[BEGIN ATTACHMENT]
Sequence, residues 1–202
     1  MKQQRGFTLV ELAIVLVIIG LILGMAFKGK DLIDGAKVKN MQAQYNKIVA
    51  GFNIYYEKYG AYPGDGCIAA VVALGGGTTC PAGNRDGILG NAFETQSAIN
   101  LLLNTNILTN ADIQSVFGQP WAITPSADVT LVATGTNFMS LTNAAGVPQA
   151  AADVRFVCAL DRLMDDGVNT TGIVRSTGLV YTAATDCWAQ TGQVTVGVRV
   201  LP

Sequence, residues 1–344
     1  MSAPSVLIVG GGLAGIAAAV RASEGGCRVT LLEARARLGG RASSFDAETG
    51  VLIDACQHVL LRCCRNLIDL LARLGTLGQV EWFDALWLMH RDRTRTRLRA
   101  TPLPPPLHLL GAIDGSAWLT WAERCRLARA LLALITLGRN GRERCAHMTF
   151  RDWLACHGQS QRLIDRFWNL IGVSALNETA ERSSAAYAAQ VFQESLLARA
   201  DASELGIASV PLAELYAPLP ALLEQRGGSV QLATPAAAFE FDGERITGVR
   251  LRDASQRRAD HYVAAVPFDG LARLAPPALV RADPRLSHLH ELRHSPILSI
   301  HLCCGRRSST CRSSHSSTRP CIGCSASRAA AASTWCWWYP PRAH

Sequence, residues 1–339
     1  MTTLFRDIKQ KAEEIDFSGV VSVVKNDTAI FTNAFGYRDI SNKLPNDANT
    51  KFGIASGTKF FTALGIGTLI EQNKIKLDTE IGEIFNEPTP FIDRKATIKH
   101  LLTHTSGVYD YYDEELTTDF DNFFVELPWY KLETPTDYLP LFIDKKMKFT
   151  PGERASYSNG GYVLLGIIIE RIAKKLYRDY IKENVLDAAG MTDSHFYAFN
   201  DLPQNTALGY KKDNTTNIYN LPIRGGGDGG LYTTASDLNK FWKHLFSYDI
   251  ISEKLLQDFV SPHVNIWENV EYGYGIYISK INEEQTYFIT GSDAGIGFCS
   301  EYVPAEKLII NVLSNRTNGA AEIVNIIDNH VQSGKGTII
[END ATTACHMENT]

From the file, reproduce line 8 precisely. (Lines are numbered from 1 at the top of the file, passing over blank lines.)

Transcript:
     1  MSAPSVLIVG GGLAGIAAAV RASEGGCRVT LLEARARLGG RASSFDAETG